Daniela Ginta, The Mindful Writer

Freelance Writer and Photographer, Author of the Mindfulness Blog

Weekly Column: Helping youth succeed makes for a better society

Originally published as a column on CFJC Today Kamloops and Armchair Mayor News on Monday, October 28, 2019.

I just read an uplifting news story. It was about the tuition waiver program for the former youth in care. About 1,119 young people got a fresh start in life due to the program. I can only imagine how empowering the feeling, and I can safely assume that the gratefulness born from that will create many happy ripples along the way. To say that we need more of that in today’s world is an understatement.

Talking to high school graduates or young adults who are trying to find their way, the one limiting factor many are pointing to is money. Going to school for higher education is one expensive affair. Some say they will not go to university until they are sure of their choice so they will not pay tuition money for nothing.

Others are saying they will set aside studying for a year or two so they can work and save a good chunk to have while studying. Some say that dreaming about higher education has to stay just that, for now: dreaming. They cannot afford it.

Let’s just imagine that education would be tuition-free. Not free as in open gates and everyone getting in on the basis of simply breathing, but open gates for everyone committed to study to earn their spot and keep their efforts up throughout school.

The recent election campaign brought forth the issue of free tuition. Imagine how many stories would be written in happier terms if more young people, especially those who are dealt a tough hand by no fault of their own, would be given a better chance to earn an education that can ensure a better life and thus create opportunity and reason to give back.

Being young and knowing that nothing stands between you and a better path in life, save for your determination to give it your best school-wise, now that can improve our society as a whole.

I have always been amazed by children’s curiosity. From the moment they can form words, they will ask ‘why?’ with the kind of stubbornness that is seen in intrepid scientists and explorers. Not taking no for an answer; building one why on top of another until the bigger picture makes sense. They devour books if they are introduced to reading, and they ask for more. Yet somewhere along the way, that zest for learning dwindles.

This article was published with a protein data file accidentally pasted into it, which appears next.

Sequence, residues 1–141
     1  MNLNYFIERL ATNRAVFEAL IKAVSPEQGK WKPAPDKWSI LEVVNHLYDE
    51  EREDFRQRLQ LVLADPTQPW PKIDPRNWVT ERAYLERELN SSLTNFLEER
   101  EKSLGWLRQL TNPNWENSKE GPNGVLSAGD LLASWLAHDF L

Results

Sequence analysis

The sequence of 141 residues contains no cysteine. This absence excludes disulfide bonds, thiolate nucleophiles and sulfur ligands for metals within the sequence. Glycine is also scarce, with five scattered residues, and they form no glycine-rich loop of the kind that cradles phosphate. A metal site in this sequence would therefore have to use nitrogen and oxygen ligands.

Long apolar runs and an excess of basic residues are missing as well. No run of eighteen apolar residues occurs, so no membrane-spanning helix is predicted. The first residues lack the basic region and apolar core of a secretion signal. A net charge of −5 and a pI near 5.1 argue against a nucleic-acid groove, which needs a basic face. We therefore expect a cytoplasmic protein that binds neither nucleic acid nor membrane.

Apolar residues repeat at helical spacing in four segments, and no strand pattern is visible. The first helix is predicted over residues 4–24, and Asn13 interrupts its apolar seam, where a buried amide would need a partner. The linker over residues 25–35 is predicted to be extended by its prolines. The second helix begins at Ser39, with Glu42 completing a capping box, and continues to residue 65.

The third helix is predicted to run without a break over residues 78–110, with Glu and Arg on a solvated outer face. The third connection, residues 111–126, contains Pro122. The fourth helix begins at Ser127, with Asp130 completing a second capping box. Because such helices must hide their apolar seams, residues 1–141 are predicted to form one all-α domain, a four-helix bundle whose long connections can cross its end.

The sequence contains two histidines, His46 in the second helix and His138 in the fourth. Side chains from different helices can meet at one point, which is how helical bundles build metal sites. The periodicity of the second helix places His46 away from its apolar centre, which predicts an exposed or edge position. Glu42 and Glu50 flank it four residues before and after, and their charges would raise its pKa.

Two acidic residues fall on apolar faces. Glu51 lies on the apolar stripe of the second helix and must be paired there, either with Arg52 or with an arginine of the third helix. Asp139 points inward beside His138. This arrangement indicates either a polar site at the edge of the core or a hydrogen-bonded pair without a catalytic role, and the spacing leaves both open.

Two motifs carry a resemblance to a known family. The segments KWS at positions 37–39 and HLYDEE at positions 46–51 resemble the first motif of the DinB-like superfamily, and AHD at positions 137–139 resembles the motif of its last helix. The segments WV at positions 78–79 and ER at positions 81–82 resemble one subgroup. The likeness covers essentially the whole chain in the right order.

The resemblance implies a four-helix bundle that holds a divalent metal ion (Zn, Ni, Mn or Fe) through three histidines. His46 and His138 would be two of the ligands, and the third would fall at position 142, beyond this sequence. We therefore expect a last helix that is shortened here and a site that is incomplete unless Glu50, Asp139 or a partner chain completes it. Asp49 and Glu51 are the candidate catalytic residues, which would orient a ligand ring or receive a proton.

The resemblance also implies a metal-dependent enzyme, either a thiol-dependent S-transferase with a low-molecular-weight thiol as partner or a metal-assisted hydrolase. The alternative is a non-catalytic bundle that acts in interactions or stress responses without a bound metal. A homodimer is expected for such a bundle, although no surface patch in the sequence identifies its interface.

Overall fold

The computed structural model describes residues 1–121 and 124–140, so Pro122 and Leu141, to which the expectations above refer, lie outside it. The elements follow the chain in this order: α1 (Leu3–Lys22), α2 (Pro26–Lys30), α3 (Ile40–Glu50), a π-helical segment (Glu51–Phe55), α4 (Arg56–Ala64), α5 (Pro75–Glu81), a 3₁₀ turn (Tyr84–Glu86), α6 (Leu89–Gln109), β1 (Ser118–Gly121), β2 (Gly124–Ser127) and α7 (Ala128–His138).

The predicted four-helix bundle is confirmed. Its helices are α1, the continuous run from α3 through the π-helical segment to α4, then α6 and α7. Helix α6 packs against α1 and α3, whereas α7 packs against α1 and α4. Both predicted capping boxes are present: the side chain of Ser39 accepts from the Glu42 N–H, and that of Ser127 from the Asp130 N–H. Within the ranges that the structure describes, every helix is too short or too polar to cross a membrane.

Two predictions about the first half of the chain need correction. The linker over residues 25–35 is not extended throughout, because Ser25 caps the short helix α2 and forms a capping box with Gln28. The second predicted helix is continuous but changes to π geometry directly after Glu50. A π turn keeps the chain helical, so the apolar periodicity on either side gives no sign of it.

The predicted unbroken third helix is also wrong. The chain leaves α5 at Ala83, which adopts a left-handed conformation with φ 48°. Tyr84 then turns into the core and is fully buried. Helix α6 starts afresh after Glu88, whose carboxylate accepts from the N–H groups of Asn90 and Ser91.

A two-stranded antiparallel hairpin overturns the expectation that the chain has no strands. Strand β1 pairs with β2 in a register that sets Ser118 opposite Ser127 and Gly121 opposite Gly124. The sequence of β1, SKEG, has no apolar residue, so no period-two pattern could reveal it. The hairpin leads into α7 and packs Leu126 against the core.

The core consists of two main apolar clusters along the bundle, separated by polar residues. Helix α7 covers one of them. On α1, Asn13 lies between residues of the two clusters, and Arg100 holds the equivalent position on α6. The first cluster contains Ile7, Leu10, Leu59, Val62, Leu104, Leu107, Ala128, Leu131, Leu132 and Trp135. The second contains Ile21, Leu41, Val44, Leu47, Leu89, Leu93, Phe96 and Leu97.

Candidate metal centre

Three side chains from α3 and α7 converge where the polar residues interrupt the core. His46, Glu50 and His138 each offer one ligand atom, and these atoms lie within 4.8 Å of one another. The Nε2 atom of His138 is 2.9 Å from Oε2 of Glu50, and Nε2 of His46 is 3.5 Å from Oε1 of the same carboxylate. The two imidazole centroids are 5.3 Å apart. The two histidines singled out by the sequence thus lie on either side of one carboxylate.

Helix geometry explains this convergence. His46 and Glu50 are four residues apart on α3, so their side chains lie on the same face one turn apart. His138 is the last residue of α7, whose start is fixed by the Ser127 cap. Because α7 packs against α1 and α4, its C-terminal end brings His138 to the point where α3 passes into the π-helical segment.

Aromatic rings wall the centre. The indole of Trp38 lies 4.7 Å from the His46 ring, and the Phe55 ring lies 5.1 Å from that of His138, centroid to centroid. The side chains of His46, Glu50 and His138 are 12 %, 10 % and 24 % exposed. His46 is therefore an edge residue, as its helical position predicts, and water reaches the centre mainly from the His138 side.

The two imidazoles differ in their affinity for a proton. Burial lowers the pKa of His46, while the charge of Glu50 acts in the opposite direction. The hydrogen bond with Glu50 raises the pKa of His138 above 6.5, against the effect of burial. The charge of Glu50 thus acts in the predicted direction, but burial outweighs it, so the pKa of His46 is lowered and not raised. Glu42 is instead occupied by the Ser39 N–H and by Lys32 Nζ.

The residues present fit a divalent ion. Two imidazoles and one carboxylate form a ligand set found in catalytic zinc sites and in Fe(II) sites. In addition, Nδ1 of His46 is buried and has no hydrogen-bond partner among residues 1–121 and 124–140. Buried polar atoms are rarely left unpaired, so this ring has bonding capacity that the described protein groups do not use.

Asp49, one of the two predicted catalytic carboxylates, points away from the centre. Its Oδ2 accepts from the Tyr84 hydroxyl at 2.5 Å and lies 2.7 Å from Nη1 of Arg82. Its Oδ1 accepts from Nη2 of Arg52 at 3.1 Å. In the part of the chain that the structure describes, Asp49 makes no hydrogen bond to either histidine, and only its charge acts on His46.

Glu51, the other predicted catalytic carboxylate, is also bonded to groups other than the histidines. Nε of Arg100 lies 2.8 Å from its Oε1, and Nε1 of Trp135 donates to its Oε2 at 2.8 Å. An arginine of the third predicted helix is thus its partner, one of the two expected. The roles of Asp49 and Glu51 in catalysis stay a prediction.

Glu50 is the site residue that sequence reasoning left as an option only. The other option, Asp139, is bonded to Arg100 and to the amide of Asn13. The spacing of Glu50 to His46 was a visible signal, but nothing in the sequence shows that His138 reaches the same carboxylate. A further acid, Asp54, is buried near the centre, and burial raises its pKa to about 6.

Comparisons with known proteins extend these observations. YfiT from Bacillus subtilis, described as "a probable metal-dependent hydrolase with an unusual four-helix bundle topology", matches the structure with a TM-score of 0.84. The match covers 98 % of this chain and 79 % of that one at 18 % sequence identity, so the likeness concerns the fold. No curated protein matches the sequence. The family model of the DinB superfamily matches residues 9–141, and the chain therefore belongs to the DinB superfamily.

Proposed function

Come high school, some turn too cool for reading, and for many, phone-related activities have long replaced the more intellectual pursuits of younger age. Educators and parents are complaining of the low quality of education that plagues the system. I was told that it is not unusual to have first year university students who struggle with grammar. That is not acceptable. In general, making it easy for them and sparing them the ‘pain’ of failing, doesn’t take them where they want to be but chips away at their ability to persevere until they succeed. They need that.

Should higher standards be imposed by our education system, that would challenge kids to do their best (I dare say taking phones out of the classroom to make room for ‘just school’ would be beneficial as well.) Challenges create determination and overcoming one obstacle after another, school-wise, is empowering. There is also a high chance we would see fewer behavioural issues (bullying included,) with more children learning to say ‘I can’ as they accomplish things through their own hard work.  

Just imagine… Lives can be changed. If we are to see a better future, just wishing for it will not do; we ought to help prepare our youth for it. Anyone who is willing to put in the work should be given a fair chance to succeed, no matter their financial capabilities. Better education, from the moment children first open a book to whatever level they choose to go to, makes for better adjusted people.

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2 Comments

  1. Kevin

    Norway, a country where education to the highest levels of a PhD is free has been consistently rated as the nation with the happiest people. Their criteria for the state covering the costs as as per what you suggest here. And contrary to this being seen as a cost it is seen as an investment. And it has been paying off for them economically with better educated workers creating new businesses and contributing to existing ones in the modern knowledge economy. Plus paying off socially such as per the happiness indicator. Could they afford to do it even if they did not have the foresight to create a sovereign wealth fund from oil royalties? Of course is their attitude as the educational subsides are seen as investments that are now more than paying back in a robust economy and with strong social harmony, which reduces cost for services such as policing and medical.

    • Thank you for sharing your thoughts, Kevin. I think when a society/country values education at every level, better adjustment to life is a natural consequence. Once tuition-free education is the only avenue, I am sure that the financial part can be solved as well (long-term). The other side of the trade is, like I mentioned, that kids would be challenged to give their best – which only makes them feel better about yourself, and also helps them develop a clearer idea of likes/dislikes. I fully agree that education as an investment generates an economy where policing and medical needs are much more reduced, hence lower costs.

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